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Notes Contributors

Corbin Hudacek Corbin Hudacek is a graphic designer and frontend developer at Red Rokk and co-owner of 1123 Productions, a Bellingham based videography agency. In addition to receiving his bachelor’s degree in graphic design from Western Washington University, Corbin has worked with the Museum of History and Industry, the Spy Museum in Washington D.C., and Urbancase — a Seattle-based design firm. Corbin is an avid outdoorsman and is often found daydreaming about climbing Mt. Adams, riding up Galbraith, or nabbing medals in an upcoming triathlon or cycling competition.  p. 62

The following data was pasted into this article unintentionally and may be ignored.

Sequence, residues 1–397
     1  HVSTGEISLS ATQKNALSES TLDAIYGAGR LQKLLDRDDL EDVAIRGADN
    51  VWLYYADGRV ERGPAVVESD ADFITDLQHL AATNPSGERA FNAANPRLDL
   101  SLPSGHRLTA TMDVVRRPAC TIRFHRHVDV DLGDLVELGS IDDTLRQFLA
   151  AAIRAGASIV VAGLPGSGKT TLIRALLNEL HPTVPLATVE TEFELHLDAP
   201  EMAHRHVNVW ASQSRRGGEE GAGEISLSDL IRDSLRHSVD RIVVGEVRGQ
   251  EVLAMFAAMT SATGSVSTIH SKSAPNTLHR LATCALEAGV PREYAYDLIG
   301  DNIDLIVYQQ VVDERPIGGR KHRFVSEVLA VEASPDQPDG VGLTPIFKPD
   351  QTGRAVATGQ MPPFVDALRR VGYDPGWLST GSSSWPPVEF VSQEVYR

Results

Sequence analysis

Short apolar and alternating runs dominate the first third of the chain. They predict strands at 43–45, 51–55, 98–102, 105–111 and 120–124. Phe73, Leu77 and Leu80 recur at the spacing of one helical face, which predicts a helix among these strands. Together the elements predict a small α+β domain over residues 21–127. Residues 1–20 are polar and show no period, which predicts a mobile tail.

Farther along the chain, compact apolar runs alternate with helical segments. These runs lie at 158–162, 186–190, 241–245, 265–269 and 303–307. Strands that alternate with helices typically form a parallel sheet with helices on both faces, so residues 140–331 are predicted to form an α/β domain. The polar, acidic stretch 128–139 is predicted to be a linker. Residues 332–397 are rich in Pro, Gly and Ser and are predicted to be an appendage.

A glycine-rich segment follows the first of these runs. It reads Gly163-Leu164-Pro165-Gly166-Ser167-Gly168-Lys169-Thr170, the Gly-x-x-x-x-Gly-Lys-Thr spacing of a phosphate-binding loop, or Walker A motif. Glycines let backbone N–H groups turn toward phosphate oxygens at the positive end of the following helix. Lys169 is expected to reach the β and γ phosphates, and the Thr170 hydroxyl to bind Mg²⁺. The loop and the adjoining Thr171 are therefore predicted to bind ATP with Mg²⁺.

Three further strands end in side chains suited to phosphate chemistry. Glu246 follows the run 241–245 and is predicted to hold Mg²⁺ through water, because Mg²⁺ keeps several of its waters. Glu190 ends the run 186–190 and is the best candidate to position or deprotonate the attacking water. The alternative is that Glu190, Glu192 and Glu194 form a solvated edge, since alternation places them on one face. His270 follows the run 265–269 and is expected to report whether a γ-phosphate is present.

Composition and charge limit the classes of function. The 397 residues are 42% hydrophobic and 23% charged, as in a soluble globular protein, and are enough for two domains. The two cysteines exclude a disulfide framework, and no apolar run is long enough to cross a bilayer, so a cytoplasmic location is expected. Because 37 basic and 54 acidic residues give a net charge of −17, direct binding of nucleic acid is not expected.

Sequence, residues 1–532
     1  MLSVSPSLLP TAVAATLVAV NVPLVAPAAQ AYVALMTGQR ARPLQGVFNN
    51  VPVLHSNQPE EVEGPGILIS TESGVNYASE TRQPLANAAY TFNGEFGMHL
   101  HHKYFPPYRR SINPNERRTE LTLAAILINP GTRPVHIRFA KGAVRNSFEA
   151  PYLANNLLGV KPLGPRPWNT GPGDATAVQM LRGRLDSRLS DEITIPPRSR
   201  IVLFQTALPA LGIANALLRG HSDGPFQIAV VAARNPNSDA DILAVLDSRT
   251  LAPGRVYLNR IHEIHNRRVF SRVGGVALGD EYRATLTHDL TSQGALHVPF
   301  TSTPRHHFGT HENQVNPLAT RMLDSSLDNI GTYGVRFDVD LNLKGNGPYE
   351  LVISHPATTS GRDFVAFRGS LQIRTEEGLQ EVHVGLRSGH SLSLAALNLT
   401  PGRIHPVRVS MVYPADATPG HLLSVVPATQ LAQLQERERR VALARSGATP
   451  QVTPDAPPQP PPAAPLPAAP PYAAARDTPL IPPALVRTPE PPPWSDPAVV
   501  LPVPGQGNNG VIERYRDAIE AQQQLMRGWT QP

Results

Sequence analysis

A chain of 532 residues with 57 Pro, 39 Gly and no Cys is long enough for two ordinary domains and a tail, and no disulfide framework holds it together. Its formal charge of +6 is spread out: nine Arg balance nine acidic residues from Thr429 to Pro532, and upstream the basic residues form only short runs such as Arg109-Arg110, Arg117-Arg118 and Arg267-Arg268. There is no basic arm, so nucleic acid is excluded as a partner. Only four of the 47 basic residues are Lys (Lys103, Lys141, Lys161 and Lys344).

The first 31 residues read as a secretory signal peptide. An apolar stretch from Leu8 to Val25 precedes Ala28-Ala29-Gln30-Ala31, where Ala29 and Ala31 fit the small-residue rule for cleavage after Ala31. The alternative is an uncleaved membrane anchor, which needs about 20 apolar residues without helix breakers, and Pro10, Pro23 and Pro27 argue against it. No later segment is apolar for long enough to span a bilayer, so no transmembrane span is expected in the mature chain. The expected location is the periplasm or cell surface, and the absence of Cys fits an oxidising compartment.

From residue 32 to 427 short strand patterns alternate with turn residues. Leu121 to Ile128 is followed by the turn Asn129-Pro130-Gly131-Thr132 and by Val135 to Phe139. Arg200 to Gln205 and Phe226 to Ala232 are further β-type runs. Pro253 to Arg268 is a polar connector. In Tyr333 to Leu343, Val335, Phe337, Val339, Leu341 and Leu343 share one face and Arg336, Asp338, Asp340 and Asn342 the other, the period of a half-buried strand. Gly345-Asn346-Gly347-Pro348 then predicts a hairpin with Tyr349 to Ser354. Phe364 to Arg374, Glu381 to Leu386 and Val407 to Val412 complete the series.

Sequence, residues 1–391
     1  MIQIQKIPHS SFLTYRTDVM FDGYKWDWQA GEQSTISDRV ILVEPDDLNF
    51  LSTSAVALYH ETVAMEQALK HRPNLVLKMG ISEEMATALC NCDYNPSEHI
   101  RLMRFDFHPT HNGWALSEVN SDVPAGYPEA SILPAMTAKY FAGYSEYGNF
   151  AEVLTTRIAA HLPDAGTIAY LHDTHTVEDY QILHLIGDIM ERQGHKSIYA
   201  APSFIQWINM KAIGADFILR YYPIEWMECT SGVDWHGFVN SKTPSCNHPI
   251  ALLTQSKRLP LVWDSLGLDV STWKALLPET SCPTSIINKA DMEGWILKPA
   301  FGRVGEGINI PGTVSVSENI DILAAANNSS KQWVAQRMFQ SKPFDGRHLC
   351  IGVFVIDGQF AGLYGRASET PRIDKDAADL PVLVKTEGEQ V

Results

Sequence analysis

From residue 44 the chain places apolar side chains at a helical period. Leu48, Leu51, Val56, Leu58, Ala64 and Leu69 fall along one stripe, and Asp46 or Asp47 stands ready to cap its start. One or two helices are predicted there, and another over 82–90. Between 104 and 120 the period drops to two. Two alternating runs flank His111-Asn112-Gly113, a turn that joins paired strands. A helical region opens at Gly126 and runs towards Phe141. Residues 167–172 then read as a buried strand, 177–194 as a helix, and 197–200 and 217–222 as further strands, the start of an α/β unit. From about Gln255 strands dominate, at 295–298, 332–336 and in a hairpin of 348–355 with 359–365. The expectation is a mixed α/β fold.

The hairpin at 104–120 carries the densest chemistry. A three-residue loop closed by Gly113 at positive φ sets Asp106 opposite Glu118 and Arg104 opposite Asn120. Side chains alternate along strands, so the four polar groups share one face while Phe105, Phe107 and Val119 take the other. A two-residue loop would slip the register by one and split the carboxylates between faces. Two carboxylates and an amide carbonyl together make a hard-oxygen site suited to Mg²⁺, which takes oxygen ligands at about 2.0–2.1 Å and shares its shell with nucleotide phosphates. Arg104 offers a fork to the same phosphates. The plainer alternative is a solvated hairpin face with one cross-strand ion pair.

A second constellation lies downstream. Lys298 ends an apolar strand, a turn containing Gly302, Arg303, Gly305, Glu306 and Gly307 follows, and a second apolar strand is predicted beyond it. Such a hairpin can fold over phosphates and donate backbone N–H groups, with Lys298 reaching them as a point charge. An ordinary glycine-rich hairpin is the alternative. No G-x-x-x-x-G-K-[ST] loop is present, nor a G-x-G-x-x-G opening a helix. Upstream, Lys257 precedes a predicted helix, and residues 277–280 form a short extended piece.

Shultzie Willows Shultzie Willows is the Development and outreach director at Lydia Place, and sits on the board of directors of The Downtown Bellingham Partnership and ReUse Works. She is the mother to an incredible 2-and-½-year-old little lady named Sloan, and along with husband entrepreneur and restauranteur Spencer Willows, they contribute much of their time to events, activities and partnerships that add flavor and flair to the Bellingham community.  p. 17 Ashley Thomasson Ashley is the owner of Love Beauty, a makeup artistry company based in Whatcom County. Specializing in weddings, events, and makeup for photography, Ashley strives to create looks with her clients that reflect their personality and natural beauty. When she is not behind her brushes, Ashley can be seen serving on the Whatcom Coalition to End Homelessness, experimenting in her kitchen, and finding any excuse to share good food with friends.  p. 39 Kristine Kager Kristine Kager is owner of Fool’s Onion Catering and co-owner of Greene’s Corner Market. Over the past 30 years she’s fulfilled her love of cooking through the hands-on creation of imaginative menus that utilize locally grown products. She lives in Whatcom with her husband, Lance, and their daughter, Bailey.  p. 41